Sep 28, 2021 06:21 PM

Ex-Regulator Accused of Taking Bribes While Overseeing State Takeover of Bank

What’s new: Li Guorong, a former banking regulator in Southwest China’s Sichuan province, is accused of taking bribes while serving as a senior executive responsible for the takeover of troubled Baoshang Bank Co. Ltd., China’s top antigraft agency unveiled in a Monday statement (link in Chinese).

Li, 46, was a deputy head of a team appointed by the China Banking and Insurance Regulatory Commission (CBIRC) and the central bank to take over Baoshang Bank in 2019 in China’s first state takeover of a commercial lender in 20 years.

During the process of takeover, Li took bribes from entrepreneurs and abused his power to offer them help in loan interest relief, loan issuance and extensions, as well as relevant debt restructuring, the statement said.

The background: It’s the first time that the antigraft organ has unveiled details of Li’s case after he was put under investigation in July.

Li joined the predecessor of the CBIRC in 2003 and was transferred to its Sichuan branch in 2016 to act as a deputy director. In 2018, Li became a member of a team sent to Chengdu Rural Commercial Bank Co. Ltd. to study the lender’s risky dealings with controlling shareholder Anbang Insurance Group Co. Ltd.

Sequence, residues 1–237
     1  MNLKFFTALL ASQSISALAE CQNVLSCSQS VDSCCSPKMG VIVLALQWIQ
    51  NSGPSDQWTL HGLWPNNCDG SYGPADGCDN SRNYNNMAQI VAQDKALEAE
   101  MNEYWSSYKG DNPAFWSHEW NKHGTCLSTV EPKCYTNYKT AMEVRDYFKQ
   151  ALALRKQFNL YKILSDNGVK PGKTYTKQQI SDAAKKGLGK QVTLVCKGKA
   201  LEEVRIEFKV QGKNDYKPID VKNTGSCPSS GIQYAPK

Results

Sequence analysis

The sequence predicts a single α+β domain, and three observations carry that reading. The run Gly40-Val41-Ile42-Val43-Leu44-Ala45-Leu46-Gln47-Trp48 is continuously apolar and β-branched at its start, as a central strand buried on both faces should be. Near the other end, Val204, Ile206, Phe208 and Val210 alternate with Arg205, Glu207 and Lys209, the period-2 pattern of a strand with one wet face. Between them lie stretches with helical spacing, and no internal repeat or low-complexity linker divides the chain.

In February this year, Inner Mongolia-based Baoshang Bank was declared bankrupt by a court, making it the first case of a China bank failure in decades. The collapse of Baoshang Bank, which was exposed to serious credit risks, sent tremors through the country’s financial markets and rattled investors’ confidence in smaller financial institutions.

Related: Five Things to Know About China’s First Bank Failure in Decades

Quick Takes are condensed versions of China-related stories for fast news you can use. To read the full story in Chinese, click here.

Contact reporter Tang Ziyi ( and editor Lin Jinbing (

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